“Sometimes you put so much effort into grades and it feels like you’re getting swamped. It’s like, ‘OK, another two-hour practice and another game,’” said junior wing Abbi Saxton, who holds a 4.1 GPA and has hopes of becoming a doctor. “I feel like having recognition that you’re doing so well on your grades is motivation to keep going. It was a really big deal for a lot of the girls.”

It’s not all self-torture and tall cups of coffee. On the contrary, the majority of the Mariners love being in class. Conversations before, during and after practice usually revolve around hoops or what they got for question No. 2 on the advanced placement (AP) calculus test.

Sometimes basketball even takes a back seat to class during practice, like the time sophomore guard Abby Pardue interrupted coach Hocom to tell everyone she had gotten an “A” on the geometry test. No, the team didn’t have to run gassers or do up-downs for interrupting. Pardue, instead, received a roaring applause from players and coaches.

“I can’t get them to stop talking — they’re always going to talk and that’s a good thing,” coach Hocom said. “I figure if they’re talking about school or basketball and not boys or all that other stuff, that’s the dream.”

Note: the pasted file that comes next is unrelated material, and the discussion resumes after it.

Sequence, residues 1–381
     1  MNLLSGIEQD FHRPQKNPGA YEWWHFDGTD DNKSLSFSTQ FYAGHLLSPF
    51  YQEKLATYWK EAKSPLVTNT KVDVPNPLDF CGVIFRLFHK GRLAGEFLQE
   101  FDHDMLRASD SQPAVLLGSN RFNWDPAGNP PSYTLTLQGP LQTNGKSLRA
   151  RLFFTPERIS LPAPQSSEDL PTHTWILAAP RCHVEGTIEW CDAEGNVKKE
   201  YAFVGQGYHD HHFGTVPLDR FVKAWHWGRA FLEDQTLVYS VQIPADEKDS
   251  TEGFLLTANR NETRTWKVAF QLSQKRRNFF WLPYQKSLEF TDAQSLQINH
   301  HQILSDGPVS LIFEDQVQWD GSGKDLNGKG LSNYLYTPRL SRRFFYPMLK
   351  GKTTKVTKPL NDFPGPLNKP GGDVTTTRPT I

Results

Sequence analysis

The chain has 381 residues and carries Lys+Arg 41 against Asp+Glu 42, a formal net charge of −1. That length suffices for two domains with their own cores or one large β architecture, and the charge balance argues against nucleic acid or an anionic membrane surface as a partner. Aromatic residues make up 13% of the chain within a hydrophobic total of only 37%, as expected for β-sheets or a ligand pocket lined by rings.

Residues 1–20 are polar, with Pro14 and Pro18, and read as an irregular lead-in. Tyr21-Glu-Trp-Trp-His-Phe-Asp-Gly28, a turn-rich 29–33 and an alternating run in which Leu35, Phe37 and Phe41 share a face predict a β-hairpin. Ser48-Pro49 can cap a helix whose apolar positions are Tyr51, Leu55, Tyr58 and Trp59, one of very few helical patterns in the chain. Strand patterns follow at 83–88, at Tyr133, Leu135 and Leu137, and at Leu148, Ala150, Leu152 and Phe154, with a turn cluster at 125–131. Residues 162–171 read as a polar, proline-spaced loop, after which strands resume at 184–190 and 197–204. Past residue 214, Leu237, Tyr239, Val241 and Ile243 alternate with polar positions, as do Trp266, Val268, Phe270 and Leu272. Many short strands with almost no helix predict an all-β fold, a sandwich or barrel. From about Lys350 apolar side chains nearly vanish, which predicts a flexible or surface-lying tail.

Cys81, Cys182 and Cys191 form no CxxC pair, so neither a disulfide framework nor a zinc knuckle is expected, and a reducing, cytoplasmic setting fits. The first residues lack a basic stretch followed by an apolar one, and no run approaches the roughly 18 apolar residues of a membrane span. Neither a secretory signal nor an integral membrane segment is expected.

That love for academics has helped bridge the gap between the upperclassmen and underclassmen on Hocom’s youthful team. The seven freshmen and sophomores will pick the seniors’ and juniors’ brains on which teachers they should take, study methods and time management. They’ve sprawled out on the floor of the gym for impromptu study sessions before practice and have teamed up during lunch to get homework done in the library when last night’s game went too long.

And when they can’t study together in person, FaceTiming on their iPhones saves the day. Hannah Hocom, for instance, spends a few hours going over her chemistry homework with freshman guard Emma Stefanini or helping sophomore forward Ananiah Chavez with math before calling it a day.

“I’ve had to bang on the walls to get her off that thing, it’s like 10 o’clock or 11 o’clock,” Stefan Hocom joked. “In all seriousness, it puts things into perspective. They’re students. They’re not basketball players only playing for me and that’s the only thing going on. They’re students that have chosen to participate in the basketball team.”